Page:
Author Information

Hong Jiang
Kent M. Eskridge

Abstract

A common practice in many scientific disciplines is to take measurements on several different variables on each unit from a designed experiment. This practice is cost efficient and results in data that may be analyzed using multivariate statistical methods. Usually, principal components analysis (PCA) is conducted by decomposing the covariance matrix of the several dependent variables using eigenanalysis without accounting for possible correlations among the observations. To evaluate how correlated observations bias PCA results, we used algebraic derivation and simulation for several different types of correlation structures. Our results indicated that sampling error generally had a much larger impact on the bias of PCA results than correlation between the observations. If we ignore the sampling error and there are no time trends or treatment effects, the PC's and the percent variance explained by a PC is not affected by correlated observations, however the eigenvalues are biased. If the sampling error is considered, for moderate sized correlations between observations and reasonably sized designs, bias was generally small enough to ignore for the first PC, otherwise SAS PROC MIXED may be used to easily correct for correlated observations, resulting in less bias in the PCA results.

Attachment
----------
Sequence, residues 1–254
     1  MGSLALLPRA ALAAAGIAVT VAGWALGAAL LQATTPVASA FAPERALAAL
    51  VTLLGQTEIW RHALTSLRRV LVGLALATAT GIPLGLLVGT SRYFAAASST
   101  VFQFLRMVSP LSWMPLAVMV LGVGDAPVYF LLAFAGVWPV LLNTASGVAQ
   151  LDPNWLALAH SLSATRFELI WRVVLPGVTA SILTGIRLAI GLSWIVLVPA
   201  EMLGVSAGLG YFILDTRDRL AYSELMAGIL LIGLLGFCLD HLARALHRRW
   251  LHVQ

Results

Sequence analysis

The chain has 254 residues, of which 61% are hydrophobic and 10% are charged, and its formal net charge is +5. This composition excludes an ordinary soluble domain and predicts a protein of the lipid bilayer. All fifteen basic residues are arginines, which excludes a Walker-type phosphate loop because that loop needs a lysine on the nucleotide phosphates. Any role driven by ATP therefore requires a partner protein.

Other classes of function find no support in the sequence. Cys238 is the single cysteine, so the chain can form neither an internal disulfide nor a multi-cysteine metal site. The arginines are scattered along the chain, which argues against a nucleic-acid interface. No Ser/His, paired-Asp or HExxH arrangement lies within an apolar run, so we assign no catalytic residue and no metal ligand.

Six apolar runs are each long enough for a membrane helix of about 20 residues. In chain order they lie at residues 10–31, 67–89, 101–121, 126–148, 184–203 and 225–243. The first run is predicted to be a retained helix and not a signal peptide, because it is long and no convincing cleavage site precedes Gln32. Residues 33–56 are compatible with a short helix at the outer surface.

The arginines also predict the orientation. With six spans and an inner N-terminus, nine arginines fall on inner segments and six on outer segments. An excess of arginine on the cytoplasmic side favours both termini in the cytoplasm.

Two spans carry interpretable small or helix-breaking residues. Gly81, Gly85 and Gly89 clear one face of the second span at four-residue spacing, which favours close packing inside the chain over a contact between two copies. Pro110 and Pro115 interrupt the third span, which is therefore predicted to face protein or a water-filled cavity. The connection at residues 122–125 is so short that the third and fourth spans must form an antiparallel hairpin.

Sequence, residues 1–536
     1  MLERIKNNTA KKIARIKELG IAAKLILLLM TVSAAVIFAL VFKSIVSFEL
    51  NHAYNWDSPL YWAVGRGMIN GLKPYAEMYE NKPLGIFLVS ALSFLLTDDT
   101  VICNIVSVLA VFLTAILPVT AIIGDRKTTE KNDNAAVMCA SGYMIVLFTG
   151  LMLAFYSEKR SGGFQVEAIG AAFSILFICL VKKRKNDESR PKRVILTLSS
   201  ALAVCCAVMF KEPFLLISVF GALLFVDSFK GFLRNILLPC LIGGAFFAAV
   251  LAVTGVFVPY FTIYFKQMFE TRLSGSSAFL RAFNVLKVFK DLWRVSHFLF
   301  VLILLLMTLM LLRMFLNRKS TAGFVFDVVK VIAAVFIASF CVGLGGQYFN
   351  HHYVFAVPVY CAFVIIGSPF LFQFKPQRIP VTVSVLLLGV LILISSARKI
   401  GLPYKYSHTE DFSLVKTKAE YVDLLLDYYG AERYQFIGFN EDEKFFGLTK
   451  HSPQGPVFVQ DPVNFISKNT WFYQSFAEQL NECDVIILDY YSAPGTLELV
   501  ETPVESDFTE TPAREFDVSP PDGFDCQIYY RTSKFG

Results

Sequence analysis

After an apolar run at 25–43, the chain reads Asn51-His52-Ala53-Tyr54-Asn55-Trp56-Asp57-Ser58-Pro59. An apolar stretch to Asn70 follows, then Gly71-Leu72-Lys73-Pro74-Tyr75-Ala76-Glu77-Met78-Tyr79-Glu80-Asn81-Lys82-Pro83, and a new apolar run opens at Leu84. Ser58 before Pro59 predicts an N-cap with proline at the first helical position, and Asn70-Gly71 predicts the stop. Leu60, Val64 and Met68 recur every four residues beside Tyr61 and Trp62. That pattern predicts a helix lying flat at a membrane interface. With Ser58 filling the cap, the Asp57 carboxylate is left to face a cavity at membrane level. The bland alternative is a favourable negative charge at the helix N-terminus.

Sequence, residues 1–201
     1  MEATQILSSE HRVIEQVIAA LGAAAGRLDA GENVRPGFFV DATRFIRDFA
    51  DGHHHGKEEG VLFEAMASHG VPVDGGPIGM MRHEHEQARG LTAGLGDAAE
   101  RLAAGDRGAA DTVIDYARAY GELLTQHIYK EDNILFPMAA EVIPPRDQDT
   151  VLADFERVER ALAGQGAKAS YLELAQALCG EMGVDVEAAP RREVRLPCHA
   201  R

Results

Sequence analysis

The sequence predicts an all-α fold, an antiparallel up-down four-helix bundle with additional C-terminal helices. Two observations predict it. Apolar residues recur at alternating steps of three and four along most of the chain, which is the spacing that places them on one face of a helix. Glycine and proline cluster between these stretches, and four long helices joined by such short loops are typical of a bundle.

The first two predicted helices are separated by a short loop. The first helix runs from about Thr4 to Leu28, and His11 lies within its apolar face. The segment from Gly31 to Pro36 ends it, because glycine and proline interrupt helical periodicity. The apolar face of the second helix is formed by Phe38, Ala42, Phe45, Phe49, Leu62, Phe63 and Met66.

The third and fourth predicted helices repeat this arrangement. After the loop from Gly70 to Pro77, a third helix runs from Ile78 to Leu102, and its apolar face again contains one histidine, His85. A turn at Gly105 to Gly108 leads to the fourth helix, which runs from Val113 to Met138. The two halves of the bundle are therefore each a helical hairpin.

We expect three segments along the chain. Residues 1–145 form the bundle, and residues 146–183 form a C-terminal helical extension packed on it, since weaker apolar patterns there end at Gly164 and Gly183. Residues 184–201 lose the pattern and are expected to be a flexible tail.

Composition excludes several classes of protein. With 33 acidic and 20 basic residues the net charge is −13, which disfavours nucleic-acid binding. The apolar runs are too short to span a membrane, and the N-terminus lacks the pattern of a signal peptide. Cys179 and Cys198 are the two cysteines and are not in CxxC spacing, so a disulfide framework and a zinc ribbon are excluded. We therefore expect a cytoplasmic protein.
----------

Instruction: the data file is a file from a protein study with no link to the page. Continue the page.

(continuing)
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Apr 30th, 11:30 AM

BIAS IN PRINCIPAL COMPONENTS ANALYSIS DUE TO CORRELATED OBSERVATIONS

A common practice in many scientific disciplines is to take measurements on several different variables on each unit from a designed experiment. This practice is cost efficient and results in data that may be analyzed using multivariate statistical methods. Usually, principal components analysis (PCA) is conducted by decomposing the covariance matrix of the several dependent variables using eigenanalysis without accounting for possible correlations among the observations. To evaluate how correlated observations bias PCA results, we used algebraic derivation and simulation for several different types of correlation structures. Our results indicated that sampling error generally had a much larger impact on the bias of PCA results than correlation between the observations. If we ignore the sampling error and there are no time trends or treatment effects, the PC's and the percent variance explained by a PC is not affected by correlated observations, however the eigenvalues are biased. If the sampling error is considered, for moderate sized correlations between observations and reasonably sized designs, bias was generally small enough to ignore for the first PC, otherwise SAS PROC MIXED may be used to easily correct for correlated observations, resulting in less bias in the PCA results.